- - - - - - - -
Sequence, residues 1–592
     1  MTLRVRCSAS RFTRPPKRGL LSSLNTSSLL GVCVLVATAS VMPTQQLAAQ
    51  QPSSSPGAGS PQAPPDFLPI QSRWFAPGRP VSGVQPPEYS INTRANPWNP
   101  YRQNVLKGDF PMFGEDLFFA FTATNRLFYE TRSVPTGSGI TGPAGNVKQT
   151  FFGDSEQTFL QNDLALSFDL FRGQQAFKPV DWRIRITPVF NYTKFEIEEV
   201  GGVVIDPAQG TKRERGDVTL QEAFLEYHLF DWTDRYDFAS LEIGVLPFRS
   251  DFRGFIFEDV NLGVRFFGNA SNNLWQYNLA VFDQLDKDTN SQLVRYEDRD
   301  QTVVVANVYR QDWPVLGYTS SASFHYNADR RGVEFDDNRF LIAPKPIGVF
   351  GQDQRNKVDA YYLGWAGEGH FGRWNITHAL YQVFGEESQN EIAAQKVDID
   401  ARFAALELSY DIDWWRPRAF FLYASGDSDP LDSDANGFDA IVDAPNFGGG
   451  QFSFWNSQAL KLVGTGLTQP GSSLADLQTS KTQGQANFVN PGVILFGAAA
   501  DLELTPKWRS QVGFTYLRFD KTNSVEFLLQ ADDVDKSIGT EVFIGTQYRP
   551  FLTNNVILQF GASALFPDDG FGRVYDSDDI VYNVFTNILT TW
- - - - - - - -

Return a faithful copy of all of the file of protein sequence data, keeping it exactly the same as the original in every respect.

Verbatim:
Sequence, residues 1–592
     1  MTLRVRCSAS RFTRPPKRGL LSSLNTSSLL GVCVLVATAS VMPTQQLAAQ
    51  QPSSSPGAGS PQAPPDFLPI QSRWFAPGRP VSGVQPPEYS INTRANPWNP
   101  YRQNVLKGDF PMFGEDLFFA FTATNRLFYE TRSVPTGSGI TGPAGNVKQT
   151  FFGDSEQTFL QNDLALSFDL FRGQQAFKPV DWRIRITPVF NYTKFEIEEV
   201  GGVVIDPAQG TKRERGDVTL QEAFLEYHLF DWTDRYDFAS LEIGVLPFRS
   251  DFRGFIFEDV NLGVRFFGNA SNNLWQYNLA VFDQLDKDTN SQLVRYEDRD
   301  QTVVVANVYR QDWPVLGYTS SASFHYNADR RGVEFDDNRF LIAPKPIGVF
   351  GQDQRNKVDA YYLGWAGEGH FGRWNITHAL YQVFGEESQN EIAAQKVDID
   401  ARFAALELSY DIDWWRPRAF FLYASGDSDP LDSDANGFDA IVDAPNFGGG
   451  QFSFWNSQAL KLVGTGLTQP GSSLADLQTS KTQGQANFVN PGVILFGAAA
   501  DLELTPKWRS QVGFTYLRFD KTNSVEFLLQ ADDVDKSIGT EVFIGTQYRP
   551  FLTNNVILQF GASALFPDDG FGRVYDSDDI VYNVFTNILT TW